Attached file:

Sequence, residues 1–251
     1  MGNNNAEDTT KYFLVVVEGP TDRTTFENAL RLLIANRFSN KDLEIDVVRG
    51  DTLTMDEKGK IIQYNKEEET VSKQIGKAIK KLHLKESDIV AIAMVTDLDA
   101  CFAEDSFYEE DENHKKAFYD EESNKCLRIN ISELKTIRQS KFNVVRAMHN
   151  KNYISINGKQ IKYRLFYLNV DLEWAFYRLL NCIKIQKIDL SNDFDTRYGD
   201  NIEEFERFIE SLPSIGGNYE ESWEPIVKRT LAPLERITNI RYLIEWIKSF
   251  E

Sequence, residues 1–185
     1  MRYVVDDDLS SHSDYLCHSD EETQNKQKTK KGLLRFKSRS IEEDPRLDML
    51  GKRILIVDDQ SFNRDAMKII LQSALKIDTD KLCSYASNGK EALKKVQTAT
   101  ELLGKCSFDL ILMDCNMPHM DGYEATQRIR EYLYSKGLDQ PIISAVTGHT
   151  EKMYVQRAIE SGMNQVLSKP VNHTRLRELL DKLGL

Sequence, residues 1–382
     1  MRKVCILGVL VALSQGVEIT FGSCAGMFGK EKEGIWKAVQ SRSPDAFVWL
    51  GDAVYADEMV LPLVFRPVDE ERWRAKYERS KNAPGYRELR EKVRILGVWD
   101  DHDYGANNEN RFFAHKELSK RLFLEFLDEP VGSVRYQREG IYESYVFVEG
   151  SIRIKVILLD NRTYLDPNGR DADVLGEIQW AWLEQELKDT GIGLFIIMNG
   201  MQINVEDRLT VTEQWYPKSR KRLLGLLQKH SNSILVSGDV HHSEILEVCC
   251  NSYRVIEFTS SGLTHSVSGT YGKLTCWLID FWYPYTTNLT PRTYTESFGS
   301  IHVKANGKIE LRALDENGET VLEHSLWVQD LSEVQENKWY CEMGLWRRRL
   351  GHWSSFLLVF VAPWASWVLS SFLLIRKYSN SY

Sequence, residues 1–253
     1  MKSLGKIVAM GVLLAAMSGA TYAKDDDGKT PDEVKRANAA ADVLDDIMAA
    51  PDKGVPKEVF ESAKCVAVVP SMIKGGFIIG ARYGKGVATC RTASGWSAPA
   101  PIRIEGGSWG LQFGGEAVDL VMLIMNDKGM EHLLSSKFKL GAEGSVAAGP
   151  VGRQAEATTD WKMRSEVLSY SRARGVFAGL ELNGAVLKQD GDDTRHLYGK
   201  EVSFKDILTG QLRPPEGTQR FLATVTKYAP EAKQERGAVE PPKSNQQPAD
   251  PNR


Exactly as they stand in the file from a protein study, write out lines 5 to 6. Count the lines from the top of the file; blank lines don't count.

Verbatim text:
   151  KNYISINGKQ IKYRLFYLNV DLEWAFYRLL NCIKIQKIDL SNDFDTRYGD
   201  NIEEFERFIE SLPSIGGNYE ESWEPIVKRT LAPLERITNI RYLIEWIKSF